Relational capability refers to a person’s capacity to develop and maintain healthy relationships, and investing in this can protect and promote the wellbeing of individuals, communities and society. Evidence shows that people who have healthy relationships make good friends, partners, employees and members of society, and live longer and healthier lives.[iii] [iv]People who, for a variety of reasons, lack the skills required for good relationships can be helped and supported to learn those skills. Without these attributes, people have a reduced capacity to live full and healthy lives. This in turn affects their ability to parent effectively, and to contribute as effectively as possible to their workplace, and community.
Chronic and poorly resolved conflict within families is particularly harmful to children, with evidence showing strong associations with long-term psychological difficulties including emotional and behavioural problems, difficulties settling and performing at school, problems with peers and others, trouble sleeping and other health related outcomes. Such impacts may be present in both ‘intact’ couples and also parents who remain in conflict after separation. How parents manage and resolve conflict is crucial to children’s healthy development.[v]
Commissioning relationship support services is dependent upon a well-trained and relationally capable workforce. Health visitors, midwives, Children’s Centre staff, social workers, social care staff and other professionals frequently encounter couple relationship issues. Unfortunately, the opportunities to offer support are often missed or ignored simply because staff don’t have the training to feel comfortable discussing relationship issues, or to know how to meet the need. Training can enable frontline professionals to recognise relationship problems, enable clients to talk about them, offer some initial resources to help them deal with the problem, and refer on to other support when necessary.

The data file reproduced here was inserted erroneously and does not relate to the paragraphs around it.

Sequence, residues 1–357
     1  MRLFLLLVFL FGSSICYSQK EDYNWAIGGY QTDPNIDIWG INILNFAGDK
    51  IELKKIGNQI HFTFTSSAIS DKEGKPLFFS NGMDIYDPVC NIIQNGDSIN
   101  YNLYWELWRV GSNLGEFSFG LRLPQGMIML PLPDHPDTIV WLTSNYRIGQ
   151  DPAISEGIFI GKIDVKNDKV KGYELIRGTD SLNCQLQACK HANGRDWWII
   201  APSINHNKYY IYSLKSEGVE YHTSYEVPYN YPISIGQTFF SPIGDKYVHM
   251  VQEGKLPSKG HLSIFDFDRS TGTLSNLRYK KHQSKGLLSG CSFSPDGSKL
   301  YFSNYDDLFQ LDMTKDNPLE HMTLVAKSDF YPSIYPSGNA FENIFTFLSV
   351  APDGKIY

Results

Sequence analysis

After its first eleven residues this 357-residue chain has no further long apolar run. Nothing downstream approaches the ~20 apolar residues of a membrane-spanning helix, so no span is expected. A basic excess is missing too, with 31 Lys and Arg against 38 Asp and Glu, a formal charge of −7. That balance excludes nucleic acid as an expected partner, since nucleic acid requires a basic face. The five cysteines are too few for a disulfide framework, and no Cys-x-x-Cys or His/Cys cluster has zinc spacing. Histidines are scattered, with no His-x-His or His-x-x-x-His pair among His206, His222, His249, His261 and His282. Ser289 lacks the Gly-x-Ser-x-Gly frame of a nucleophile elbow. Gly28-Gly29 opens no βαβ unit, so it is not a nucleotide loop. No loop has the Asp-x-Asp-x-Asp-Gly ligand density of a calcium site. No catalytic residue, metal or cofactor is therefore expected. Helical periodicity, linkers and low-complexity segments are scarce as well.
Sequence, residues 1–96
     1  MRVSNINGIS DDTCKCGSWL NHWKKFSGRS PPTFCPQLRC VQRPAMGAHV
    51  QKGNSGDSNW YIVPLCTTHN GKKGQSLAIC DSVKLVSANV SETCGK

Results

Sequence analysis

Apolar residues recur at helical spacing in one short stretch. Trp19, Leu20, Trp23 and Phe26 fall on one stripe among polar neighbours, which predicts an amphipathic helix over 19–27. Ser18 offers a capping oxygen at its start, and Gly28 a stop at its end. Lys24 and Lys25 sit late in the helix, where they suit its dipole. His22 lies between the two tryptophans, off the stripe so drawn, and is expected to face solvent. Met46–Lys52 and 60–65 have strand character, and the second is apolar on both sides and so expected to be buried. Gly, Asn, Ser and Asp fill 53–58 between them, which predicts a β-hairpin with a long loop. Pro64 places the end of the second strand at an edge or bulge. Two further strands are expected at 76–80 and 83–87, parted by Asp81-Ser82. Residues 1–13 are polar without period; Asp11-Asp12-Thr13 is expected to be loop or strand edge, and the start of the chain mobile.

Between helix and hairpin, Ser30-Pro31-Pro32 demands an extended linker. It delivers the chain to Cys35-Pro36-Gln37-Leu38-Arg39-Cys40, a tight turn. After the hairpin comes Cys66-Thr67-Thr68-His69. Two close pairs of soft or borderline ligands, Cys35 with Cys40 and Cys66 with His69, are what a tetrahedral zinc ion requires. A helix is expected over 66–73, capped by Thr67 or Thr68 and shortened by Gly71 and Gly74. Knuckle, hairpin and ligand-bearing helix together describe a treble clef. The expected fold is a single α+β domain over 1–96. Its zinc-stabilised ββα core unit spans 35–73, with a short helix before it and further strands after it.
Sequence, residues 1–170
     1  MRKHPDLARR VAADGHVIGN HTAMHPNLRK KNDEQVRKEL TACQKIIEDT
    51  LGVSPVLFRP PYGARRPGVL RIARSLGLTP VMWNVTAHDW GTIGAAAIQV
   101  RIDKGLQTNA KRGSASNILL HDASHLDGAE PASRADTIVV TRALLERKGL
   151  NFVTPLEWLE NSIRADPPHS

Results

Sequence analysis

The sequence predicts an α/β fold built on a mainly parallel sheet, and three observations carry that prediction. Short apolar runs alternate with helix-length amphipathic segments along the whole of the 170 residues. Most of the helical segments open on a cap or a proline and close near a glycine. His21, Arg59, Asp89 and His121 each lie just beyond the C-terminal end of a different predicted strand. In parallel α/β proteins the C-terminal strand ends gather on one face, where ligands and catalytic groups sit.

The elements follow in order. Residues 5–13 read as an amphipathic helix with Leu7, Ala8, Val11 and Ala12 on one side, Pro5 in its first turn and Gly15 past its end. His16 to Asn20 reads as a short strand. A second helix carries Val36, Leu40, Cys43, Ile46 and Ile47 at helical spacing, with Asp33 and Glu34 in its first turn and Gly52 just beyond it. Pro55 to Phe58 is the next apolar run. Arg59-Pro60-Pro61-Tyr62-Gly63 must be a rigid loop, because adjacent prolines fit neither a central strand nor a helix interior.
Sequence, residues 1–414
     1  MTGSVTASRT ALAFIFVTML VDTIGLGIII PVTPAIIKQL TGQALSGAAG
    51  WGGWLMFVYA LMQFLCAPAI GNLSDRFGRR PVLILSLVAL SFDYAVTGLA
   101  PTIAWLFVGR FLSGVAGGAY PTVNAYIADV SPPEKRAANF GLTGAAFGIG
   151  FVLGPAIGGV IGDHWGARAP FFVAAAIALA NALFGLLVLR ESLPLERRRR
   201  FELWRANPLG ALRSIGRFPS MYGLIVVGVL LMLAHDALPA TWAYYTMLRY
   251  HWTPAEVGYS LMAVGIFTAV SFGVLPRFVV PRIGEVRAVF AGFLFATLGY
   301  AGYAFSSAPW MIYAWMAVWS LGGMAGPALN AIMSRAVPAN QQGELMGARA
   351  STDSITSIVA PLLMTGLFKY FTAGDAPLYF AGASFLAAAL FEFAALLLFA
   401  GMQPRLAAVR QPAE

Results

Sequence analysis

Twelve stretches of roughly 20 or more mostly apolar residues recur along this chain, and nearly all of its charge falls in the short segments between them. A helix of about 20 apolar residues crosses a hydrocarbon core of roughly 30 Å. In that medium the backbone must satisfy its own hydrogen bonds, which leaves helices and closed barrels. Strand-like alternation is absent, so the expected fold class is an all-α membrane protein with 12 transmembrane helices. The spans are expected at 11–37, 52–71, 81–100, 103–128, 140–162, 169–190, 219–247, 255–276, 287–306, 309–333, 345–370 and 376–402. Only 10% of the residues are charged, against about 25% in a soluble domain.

Therefore a programme of training and engagement with front-line staff will promote greater awareness of the negative impacts of poor quality relationships on a whole range of people’s lives. A programme of training should teach the workforce to identify, address and support parents with relationship stresses and strains and make effective referrals to specialist services. Changing front line practice through training increases the value and impact of front line resources, engaging with whole families rather than just individuals. A shift from working with individual “symptoms” to paying due attention to the “relational context” enhances the development of whole family resilience and helps find solutions to difficulties they are experiencing.
 Cummings, E.M. and Davies, P.T. (2010) Marital conflict and children: an emotional security perspective. New York: The Guildford Press.
[i] Holt-Lunstad, J., Smith, T. B., & Layton, J. B. (2010). Social relationships and mortality risk: a meta-analytic review. PLoS medicine, 7(7), e1000316.
[ii] Umberson, D., & Montez, J. K. (2010). Social relationships and health a flashpoint for health policy. Journal of health and social behavior, 51(1 suppl), S54-S66. Ryff, C. D., & Singer, B. (2000). Interpersonal flourishing: A positive health agenda for the new millennium. Personality and Social Psychology Review, 4(1), 30-44
[iii] Ryff, C. D., & Singer, B. (2000). Interpersonal flourishing: A positive health agenda for the new millennium. Personality and Social Psychology Review, 4(1), 30-44
[iv] Seaman, P., McNeice, V., Yates, G., & McLean, J. (2014). Resilience for public health. Glasgow Centre for Population Health.
[v] Harold, G. T., & Leve, L. D. (2012). Parents as partners: how the parental relationship affects children’s psychological development. in Balfour A, Morgan M, Vincent C. (Eds) How Couple Relationships Shape Our World: Clinical Practice, Research and Policy Perspectives. Karnac